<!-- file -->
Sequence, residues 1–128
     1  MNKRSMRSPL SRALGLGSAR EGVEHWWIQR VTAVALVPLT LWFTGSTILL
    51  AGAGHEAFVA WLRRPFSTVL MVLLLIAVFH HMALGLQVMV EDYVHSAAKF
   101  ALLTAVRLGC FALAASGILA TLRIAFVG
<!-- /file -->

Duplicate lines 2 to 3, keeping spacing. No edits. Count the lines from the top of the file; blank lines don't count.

     1  MNKRSMRSPL SRALGLGSAR EGVEHWWIQR VTAVALVPLT LWFTGSTILL
    51  AGAGHEAFVA WLRRPFSTVL MVLLLIAVFH HMALGLQVMV EDYVHSAAKF